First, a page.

The Providence school report is out - and it’s shocking.

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No word of a state takeover - yet.

The Providence school report is out - and it’s shocking.

 

"I wasn't surprised," said Infante-Green. "But I didn't know that it was this bad. It is heartbreaking to see how dysfunctional this school system is.”

 

It’s no surprise that Providence has struggled with their school system. The report that was released today sheds a dim light on what many knew all along. The report found that the vast majority of students are not learning or even near grade level.

 

The report reports the following ...

 

* With rare exception, teachers are demoralized and feel unsupported.

* Most parents feel shut out of their children’s education.

* Principals find it very difficult to demonstrate leadership.

* Many school buildings are deteriorating across the city, and some are even dangerous to students’ and teachers’ wellbeing.

 

“Providence Public School District is overburdened with multiple, overlapping sources of governance and bureaucracy with no clear domains of authority and very little scope for transformative change. The resulting structures paralyze action, stifle innovation, and create dysfunction and inconsistency across the district. In the face of the current governance structure, stakeholders understandably expressed little to no hope for serious reform.”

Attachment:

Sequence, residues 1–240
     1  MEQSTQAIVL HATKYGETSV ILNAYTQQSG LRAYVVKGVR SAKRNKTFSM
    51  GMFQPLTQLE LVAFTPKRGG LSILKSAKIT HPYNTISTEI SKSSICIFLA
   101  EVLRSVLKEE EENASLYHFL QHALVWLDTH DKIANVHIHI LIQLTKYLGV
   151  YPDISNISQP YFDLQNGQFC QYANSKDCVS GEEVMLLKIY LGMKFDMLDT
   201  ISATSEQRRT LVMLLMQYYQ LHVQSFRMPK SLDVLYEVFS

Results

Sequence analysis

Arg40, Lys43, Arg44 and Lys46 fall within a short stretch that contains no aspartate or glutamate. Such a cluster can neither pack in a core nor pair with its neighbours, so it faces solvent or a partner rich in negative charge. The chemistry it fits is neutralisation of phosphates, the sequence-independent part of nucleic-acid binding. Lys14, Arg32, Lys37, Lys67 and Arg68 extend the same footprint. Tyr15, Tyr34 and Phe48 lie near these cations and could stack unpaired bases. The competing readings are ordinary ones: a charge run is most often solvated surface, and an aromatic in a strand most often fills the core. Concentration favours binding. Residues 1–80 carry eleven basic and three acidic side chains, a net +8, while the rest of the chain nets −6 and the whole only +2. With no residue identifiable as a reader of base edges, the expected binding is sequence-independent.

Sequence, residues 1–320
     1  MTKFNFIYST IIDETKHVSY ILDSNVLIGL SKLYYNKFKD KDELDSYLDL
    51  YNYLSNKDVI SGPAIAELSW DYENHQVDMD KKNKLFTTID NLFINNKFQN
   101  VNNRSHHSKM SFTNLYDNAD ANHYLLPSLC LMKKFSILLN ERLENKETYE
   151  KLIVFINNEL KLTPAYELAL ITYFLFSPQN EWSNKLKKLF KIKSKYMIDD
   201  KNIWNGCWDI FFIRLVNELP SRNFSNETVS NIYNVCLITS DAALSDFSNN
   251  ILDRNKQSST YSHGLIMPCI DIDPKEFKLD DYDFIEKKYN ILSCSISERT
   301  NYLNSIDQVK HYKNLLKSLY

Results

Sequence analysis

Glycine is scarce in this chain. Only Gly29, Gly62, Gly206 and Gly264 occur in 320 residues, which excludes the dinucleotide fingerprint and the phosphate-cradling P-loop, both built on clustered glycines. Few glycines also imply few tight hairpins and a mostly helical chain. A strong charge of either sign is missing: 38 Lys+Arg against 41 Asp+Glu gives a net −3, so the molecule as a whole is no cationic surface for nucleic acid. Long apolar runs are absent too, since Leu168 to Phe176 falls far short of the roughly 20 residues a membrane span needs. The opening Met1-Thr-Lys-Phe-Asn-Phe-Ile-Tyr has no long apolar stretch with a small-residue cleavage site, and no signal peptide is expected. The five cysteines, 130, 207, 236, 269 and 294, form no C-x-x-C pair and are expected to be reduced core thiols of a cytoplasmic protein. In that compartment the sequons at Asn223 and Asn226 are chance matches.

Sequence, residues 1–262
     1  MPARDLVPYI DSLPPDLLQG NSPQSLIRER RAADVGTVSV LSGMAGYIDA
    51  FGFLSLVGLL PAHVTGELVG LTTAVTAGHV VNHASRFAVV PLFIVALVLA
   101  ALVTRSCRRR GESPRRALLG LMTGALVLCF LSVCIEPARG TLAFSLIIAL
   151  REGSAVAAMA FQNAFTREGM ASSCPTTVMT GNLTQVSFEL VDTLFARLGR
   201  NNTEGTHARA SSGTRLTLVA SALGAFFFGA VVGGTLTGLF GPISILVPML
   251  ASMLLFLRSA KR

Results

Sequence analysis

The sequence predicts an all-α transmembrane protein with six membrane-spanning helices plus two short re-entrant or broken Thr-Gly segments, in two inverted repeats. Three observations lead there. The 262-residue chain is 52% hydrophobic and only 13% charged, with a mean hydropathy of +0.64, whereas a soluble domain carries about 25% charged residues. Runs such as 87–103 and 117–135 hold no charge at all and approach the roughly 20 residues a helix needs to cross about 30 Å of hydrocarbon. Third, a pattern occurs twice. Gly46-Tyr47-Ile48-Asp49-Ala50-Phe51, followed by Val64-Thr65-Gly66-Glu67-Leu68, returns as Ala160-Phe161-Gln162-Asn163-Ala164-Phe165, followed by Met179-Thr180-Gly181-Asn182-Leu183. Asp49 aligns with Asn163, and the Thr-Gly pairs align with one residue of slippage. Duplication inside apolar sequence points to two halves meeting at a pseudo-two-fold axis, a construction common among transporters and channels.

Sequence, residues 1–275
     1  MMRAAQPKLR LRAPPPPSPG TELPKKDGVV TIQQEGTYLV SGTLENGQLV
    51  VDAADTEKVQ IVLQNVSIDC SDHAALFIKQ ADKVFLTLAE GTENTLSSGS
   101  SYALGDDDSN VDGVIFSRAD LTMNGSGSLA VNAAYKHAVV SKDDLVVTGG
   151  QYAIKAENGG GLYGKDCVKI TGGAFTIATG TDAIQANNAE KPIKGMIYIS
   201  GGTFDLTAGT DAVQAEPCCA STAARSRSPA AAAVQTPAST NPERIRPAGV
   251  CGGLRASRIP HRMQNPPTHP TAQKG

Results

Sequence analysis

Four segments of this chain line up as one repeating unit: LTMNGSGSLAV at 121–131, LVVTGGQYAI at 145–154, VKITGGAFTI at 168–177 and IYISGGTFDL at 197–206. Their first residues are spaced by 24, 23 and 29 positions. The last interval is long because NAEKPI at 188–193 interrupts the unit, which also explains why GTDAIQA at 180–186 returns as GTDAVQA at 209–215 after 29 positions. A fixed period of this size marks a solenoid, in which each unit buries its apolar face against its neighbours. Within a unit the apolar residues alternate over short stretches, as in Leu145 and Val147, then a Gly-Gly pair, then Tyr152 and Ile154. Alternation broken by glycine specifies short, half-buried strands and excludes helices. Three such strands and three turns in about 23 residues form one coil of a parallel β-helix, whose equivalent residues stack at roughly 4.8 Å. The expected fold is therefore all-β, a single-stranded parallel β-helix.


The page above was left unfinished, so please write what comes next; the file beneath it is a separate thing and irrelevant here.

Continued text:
The report states that school facilities were in “deplorable” condition and cited examples of lead drinking water, lead paint, mold, “broken asbestos tiles,” rodents, and no heat or air conditioning.

 

The report states that Providence public schools are plagued with chronic absenteeism, both of students and teachers, causing a challenge in the district. A form letter used by many respondents called for stopping teachers who abused the system. Relatedly, there were many complaints about the lack of substitute teachers and the resulting problems of overcrowding in classrooms - and the impact on learning.

 

Respondents also agreed about the need for a teacher corps that more closely reflected the demographic makeup of the student body, calling for the hiring of more racially diverse teachers and citing the importance of students’ seeing themselves reflected in the leadership of the school system.

 

Despite the reviews stated here, there is still no talk of a state takeover of the Providence school system.

 

To read the report, click here....

 

http://edpolicy.education.jhu.edu/wp-content/uploads/2019/06/PPSD-REVISED-FINAL-002.pdf